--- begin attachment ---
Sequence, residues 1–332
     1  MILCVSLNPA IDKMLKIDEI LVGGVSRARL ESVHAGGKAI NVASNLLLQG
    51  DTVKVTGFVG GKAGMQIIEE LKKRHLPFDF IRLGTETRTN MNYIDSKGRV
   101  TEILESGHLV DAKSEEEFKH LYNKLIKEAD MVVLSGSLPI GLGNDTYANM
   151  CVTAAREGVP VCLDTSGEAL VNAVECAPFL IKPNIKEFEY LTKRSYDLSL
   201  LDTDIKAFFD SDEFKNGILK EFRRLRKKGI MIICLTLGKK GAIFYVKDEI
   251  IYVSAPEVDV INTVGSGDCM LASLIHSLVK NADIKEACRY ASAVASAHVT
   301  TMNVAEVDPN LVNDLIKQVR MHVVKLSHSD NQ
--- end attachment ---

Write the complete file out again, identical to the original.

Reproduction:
Sequence, residues 1–332
     1  MILCVSLNPA IDKMLKIDEI LVGGVSRARL ESVHAGGKAI NVASNLLLQG
    51  DTVKVTGFVG GKAGMQIIEE LKKRHLPFDF IRLGTETRTN MNYIDSKGRV
   101  TEILESGHLV DAKSEEEFKH LYNKLIKEAD MVVLSGSLPI GLGNDTYANM
   151  CVTAAREGVP VCLDTSGEAL VNAVECAPFL IKPNIKEFEY LTKRSYDLSL
   201  LDTDIKAFFD SDEFKNGILK EFRRLRKKGI MIICLTLGKK GAIFYVKDEI
   251  IYVSAPEVDV INTVGSGDCM LASLIHSLVK NADIKEACRY ASAVASAHVT
   301  TMNVAEVDPN LVNDLIKQVR MHVVKLSHSD NQ